Black Friday Cloak And Dagger

AnnaLisa is a member of The Motley Fool Blog Network -- entries represent the personal opinion of the blogger and are not formally edited.

Just 35 days until Black Friday as of this writing. The latest news is that Target (NYSE: TGT) will price match certain online sites (i.e. Amazon.com, Bestbuy.com, Toysrus.com) after announcing in mid-September that it was going to sit out the hoopla. And the company has further announced that hot toys can be scanned with QR codes on smart phones so the little ones will be surprised for the holidays. It also looks like Macy’s will open at midnight after a Black Friday coupon was leaked.

All this cloak and dagger is worthy of a Tom Clancy novel. Personally, I’d rather be in an underground bunker (like the one the aforementioned author built himself) than shopping on Black Friday. If you intend to man the barricades, here is a link to camping out tips.  It’s also good for waiting in Apple iPhone lines.

Seriously, the big retailers are playing chicken with their Black Friday ads to see who can hold out the longest and get wind of competitor’s deals. But there comes a point when the news has to come out to give avid shoppers time to plan their mission strategy.

We all know it’s going to be a mess out there, but you can still be at home on Black Friday and trade the market instead, if you like. I’ve said it before and I’ll say it again: Amazon (NASDAQ: AMZN) and Wal-Mart  (NYSE: WMT) will be the big winners, with a tie for third between eBay (NASDAQ: EBAY) and Target.  I know of several people that shop Black Friday and turn it around on eBay. In fact, one person calls their business, unofficially, eBay Saturday.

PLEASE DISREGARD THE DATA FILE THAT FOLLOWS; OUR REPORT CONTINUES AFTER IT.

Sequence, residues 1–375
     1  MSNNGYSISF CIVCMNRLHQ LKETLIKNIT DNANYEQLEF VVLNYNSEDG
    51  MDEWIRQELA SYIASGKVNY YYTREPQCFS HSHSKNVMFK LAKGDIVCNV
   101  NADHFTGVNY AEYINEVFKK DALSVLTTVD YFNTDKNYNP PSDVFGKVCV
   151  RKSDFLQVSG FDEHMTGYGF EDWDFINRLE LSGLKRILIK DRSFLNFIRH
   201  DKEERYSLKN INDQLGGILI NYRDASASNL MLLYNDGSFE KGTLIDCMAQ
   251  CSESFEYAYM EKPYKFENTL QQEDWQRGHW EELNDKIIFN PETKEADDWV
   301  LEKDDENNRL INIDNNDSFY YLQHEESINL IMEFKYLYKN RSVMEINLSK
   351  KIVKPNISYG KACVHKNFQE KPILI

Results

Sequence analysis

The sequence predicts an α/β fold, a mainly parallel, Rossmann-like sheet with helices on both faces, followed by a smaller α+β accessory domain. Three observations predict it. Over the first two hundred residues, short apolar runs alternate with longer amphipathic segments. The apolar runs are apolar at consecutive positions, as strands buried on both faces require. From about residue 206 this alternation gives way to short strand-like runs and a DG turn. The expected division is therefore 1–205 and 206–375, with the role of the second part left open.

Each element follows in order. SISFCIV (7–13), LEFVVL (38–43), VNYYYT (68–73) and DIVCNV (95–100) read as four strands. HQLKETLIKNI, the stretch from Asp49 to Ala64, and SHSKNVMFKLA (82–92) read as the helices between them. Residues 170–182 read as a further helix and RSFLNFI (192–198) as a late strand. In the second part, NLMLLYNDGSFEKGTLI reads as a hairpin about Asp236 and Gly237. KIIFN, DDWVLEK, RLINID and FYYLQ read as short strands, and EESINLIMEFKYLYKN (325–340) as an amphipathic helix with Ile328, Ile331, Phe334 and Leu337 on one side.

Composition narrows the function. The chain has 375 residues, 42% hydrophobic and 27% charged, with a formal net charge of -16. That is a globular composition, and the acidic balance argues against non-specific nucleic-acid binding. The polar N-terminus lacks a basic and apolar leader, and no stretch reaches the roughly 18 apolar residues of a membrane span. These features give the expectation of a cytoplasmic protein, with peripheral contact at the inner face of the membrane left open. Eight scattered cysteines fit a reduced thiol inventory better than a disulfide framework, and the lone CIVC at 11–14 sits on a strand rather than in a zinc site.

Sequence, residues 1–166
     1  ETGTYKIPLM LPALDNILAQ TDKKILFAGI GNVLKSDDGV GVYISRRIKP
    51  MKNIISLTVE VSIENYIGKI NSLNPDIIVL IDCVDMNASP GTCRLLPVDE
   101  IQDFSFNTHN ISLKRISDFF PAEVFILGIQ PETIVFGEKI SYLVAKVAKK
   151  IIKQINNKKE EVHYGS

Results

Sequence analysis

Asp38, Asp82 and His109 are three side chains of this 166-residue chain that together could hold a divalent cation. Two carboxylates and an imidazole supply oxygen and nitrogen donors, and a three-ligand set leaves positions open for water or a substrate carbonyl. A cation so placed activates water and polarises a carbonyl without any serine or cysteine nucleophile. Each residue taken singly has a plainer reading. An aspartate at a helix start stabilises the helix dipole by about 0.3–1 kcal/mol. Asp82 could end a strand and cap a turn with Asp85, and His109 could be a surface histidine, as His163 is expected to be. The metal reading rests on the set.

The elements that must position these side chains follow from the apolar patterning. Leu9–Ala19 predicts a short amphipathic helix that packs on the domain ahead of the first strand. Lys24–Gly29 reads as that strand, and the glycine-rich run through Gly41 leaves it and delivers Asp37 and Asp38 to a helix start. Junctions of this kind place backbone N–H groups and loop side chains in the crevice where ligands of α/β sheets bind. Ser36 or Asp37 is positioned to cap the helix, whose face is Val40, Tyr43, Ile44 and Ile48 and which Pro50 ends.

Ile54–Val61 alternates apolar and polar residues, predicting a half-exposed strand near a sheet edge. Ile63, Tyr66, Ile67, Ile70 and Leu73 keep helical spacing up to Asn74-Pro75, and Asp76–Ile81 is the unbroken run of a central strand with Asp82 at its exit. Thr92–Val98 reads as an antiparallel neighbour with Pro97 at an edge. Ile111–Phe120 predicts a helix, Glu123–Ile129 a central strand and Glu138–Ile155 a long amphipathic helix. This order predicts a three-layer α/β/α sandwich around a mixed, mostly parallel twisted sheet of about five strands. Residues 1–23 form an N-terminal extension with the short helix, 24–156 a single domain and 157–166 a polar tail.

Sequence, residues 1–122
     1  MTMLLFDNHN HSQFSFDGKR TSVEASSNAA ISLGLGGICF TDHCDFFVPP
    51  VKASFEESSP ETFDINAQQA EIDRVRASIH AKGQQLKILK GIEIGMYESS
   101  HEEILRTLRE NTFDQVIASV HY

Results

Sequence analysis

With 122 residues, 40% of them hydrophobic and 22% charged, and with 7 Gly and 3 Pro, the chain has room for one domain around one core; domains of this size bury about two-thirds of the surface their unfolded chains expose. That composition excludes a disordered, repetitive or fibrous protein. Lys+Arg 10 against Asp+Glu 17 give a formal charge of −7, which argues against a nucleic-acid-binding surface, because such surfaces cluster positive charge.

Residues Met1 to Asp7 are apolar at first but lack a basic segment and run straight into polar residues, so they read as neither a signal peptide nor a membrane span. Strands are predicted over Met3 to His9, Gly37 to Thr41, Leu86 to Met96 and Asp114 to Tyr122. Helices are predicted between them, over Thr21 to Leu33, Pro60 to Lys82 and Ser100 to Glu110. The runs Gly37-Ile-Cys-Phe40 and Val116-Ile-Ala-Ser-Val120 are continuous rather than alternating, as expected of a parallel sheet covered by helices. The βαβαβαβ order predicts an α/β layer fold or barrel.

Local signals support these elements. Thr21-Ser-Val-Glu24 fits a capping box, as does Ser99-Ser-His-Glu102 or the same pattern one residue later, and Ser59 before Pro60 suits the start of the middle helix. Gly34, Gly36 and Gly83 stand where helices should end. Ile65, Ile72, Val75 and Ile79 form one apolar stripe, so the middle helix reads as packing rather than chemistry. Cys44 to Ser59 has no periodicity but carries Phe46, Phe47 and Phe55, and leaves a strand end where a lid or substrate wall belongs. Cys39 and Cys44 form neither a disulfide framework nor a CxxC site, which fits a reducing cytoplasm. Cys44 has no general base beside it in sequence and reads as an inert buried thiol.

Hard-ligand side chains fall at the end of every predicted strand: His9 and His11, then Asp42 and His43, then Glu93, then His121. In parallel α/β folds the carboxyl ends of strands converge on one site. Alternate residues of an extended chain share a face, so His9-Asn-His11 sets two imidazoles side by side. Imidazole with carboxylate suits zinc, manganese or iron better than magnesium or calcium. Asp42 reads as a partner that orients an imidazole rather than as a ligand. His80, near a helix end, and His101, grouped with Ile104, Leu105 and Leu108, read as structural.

Amazon is supposed to have its own Black Friday deals. I don’t think the Best Buy and Target strategy to stop customers from using them as showrooms for Amazon will work that well. The plan is to make customers go to the physical customer service desks to get the price matching. And note that it’s price matching, not price bettering. Still, that won’t deter shoppers for whom storming the stores on Black Friday is more traditional than loosening the belt after turkey dinner. Wal-Mart is the winner with those shoppers.

Wal-Mart wants to elbow out Amazon, but their customer bases are so different that it’s hard to understand the point of their retail war. Wal-Mart is the solid, stolid name with a yield of 2.10% and a reasonable P/E of 16.24, while Amazon remains the high-growth choice (P/E 301 and forward P/E lower at 103.99), but both can peacefully co-exist in your portfolio. Target has its points, too, but Wal-Mart and Target are much too much alike for a diversified portfolio. The same goes for eBay (P/E of 16.95) and Amazon, even as their businesses have diverged, with eBay’s PayPal taking off and Amazon going into electronic devices and the cloud.

Ebay just reported Q3 earnings on Oct. 17 and announced PayPal was the main contributor to the 22% increase in net income, but guided holiday earnings pretty much in line with analyst expectations. CEO John Donahoe said the company's main emphasis is streamlining PayPal for use with mobile technology. He also cited changes to the eBay auction site, with Pinterest-like photos and story boards, as well as competing with Amazon and Wal-Mart for same-day delivery with some auction site items.

Close competitor Amazon reports on Oct. 25. It’s off almost 7% from its high. The company is really gearing up for the holidays, hiring over 50,000 workers.

Target has a higher yield than Wal-Mart (2.30%) and a lower P/E of 14.45, but Target's waffling over Black Friday should have shareholders concerned. With only five weeks to go everything should be in place already. Target and Wal-Mart both report on Nov. 15. By then there will be more clues as to who the Black Friday victors will be. Until then, it seems things are under wraps.

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